Saturday, January 22, 2011

Christine de Pizan

Christine de Pizan's writing fit best under the category of "gender" as she essentially seeks to define the worth of men and women in their own separate spheres. Her work starts off with as she recounts her experience of learning through the writings of men that women were cursed for the evil nature of their sex. She stated, "this reason alone, in short, made me conclude that although my intellect in its simplicity and ignorance did not recognize the great defects in myself and in other women, it must nonetheless be so" (120). The important part to note here is that she did not see any fault in herself or others, thereby suggesting that the ideas of inferiority and baseness that were applied to the woman race were merely constructed by men with no legitimate basis for such condemnation. Therefore, we can see that the "inferiority of women" defies nature, and therefore defies the will of God. Pizan furthers this notion by recounting her prayer wherein she stated, "For lest I am mistaken in my faith, I am not allowed to doubt that Your infinite wisdom and perfect goodness created anything that is not good" (120). We learn through teachings of our own church, paricularly the January 2011 visiting teaching message, that men and women were created equal, but that the divine roles of men and women are different. That is why women are given intelligence in the first place: to fulfill their designated role as women.

Her prayer ends with, more or less, a deferrment of responsibility for her ability to please God. "But since Your kindness does not extend to me, forgive my negligence in Your service, good Lord God, and let it not displease You: for the servant who recieves fewer gifts from his lord is less obliged to be of service to him" (120). This statement brings up the never ending debate of nature versus nuture. She claims that because she was endowed with the shortcomings of being a woman she cannot elevate herself above what she has been given. But as we know that men and women were created equal, we are left to conclude that Pizan's hopelessness is a result of societal conditioning that has trained her to submit to men as they are the higher sex. This idea of social conditioning is reemphasized as the Lady of Reason referred to the writings of men as "strange opinions," thereby suggesting unnatural philosophies (121).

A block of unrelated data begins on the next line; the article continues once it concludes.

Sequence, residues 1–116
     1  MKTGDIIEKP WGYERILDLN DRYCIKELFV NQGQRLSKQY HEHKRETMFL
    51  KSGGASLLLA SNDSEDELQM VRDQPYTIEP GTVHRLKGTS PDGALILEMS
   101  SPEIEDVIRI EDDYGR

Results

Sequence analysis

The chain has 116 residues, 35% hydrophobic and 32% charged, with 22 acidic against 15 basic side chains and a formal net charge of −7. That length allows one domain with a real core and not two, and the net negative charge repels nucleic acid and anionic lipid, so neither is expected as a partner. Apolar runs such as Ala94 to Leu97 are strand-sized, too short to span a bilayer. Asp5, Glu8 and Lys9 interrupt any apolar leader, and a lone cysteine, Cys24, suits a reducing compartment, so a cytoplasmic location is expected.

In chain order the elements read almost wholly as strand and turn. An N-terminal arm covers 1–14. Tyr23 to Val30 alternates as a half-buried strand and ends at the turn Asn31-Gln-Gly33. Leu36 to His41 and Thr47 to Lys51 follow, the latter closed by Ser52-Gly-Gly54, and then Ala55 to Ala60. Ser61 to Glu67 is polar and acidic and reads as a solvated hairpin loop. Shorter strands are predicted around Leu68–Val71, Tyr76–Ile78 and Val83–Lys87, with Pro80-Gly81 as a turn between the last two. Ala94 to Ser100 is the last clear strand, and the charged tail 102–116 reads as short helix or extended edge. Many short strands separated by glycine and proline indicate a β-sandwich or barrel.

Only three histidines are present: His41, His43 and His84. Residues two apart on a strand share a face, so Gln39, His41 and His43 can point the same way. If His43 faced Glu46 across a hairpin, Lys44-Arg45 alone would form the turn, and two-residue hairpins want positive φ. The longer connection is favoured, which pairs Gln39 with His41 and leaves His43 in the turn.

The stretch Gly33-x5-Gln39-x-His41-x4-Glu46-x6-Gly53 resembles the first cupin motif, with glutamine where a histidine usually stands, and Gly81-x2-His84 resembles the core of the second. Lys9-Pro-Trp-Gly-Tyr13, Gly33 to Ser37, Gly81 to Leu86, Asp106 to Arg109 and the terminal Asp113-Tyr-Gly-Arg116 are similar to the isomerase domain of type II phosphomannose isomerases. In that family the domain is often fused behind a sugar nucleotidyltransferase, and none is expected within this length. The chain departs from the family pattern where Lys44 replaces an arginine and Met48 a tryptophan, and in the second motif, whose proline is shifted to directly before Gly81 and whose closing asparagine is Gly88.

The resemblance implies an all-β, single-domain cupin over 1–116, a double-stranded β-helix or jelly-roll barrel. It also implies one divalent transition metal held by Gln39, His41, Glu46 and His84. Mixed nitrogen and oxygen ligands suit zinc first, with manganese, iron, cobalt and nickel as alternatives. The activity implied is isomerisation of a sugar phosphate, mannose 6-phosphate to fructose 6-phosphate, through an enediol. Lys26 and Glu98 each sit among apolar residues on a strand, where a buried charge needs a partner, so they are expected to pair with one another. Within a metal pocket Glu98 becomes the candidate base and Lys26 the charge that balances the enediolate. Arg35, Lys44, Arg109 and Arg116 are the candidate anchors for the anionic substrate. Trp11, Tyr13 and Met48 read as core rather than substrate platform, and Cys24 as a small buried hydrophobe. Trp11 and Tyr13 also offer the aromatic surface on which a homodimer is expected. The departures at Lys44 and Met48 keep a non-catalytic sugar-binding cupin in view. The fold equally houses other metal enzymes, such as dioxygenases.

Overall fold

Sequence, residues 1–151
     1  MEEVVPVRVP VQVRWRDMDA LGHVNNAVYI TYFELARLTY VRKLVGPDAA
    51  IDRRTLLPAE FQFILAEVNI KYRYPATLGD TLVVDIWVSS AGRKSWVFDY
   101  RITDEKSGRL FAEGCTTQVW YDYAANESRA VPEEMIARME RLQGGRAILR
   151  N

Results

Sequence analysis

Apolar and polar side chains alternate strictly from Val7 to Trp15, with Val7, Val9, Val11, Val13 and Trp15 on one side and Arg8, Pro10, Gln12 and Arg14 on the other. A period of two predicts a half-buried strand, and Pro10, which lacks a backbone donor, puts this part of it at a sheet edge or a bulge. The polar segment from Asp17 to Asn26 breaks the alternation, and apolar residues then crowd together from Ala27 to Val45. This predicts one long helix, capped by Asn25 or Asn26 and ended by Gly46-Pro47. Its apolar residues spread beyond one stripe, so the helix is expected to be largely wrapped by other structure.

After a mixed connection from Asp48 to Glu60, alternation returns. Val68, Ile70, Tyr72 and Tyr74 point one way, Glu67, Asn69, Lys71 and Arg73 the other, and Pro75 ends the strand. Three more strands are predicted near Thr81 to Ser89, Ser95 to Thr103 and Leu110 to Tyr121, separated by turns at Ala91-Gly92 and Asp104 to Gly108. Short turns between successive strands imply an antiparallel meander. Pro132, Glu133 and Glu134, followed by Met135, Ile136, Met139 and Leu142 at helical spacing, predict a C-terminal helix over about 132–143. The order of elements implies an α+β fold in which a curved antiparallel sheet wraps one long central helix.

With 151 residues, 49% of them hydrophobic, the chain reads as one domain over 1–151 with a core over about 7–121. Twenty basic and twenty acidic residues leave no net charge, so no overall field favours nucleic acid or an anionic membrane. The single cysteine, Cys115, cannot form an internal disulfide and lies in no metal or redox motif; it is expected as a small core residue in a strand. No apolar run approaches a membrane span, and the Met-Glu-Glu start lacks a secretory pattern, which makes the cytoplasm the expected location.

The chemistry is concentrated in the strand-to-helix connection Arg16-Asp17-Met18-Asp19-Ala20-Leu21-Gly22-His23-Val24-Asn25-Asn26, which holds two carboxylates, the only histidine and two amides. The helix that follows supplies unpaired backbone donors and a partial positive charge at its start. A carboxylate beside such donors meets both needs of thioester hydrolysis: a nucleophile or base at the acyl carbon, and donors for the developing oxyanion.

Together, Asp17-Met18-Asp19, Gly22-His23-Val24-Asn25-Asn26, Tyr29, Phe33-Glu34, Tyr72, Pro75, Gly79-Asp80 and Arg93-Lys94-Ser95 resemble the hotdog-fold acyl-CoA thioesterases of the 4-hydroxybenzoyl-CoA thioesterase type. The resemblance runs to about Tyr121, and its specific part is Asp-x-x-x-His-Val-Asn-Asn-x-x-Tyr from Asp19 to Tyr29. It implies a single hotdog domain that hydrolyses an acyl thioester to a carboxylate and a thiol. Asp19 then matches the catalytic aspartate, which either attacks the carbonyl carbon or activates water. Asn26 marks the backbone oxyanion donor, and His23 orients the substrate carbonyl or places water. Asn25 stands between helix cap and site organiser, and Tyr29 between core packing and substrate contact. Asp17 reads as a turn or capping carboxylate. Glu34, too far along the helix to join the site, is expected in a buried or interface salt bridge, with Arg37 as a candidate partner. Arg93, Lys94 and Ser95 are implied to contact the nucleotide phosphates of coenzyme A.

The 3 ladies commission Pizan to build a "city of ladies" where beauty and virtue will be preserved and respected in the highest degree. This city will only be open to pious women, excluding all men with their corruptive powers. The creation of the city seems to imply a superiority of the female specie, for without the presence of men all would cease to exist (common knowledge). But there is something about select women that needs to be preserved and isolated in a utopian city, which seems to suggest that these women have overcome the need for men. However, later we read that there is a division of men between those who are good and honorable, and those who are predisposed to sin (129-30). Because the good men are to be praised and admired, it almost seems hypocritical that the city of ladies would ban such goodness from their midst, but rather these men should be embraced and welcomed amidst a community that values goodness.

On the other hand, the bad men are to be pitied for their inability to overcome their own weaknesses. One of the 3 ladies states, "all evil things that are said about women in such a general way only hurt those who say them, and women themselves" (122), and then she goes on to explain that men who speak ill of women are merely overcompensating for their own failings, such as living an unchaste life, and as such a man becomes stricken in years and without repentance he places the blame on women for his eternal condemnation because he had not the power to resist. In this sense, Pizan almost reverses the role of gender by asserting that instead of women being inherently evil it is the men, for they are the weaker sex in terms of moral uprightness. Men too easily fall into temptation, and therefore more easily become instruments of the devil.

Sorry this is so long. I guess I just had a lot of thought as I read this.

No comments:

Post a Comment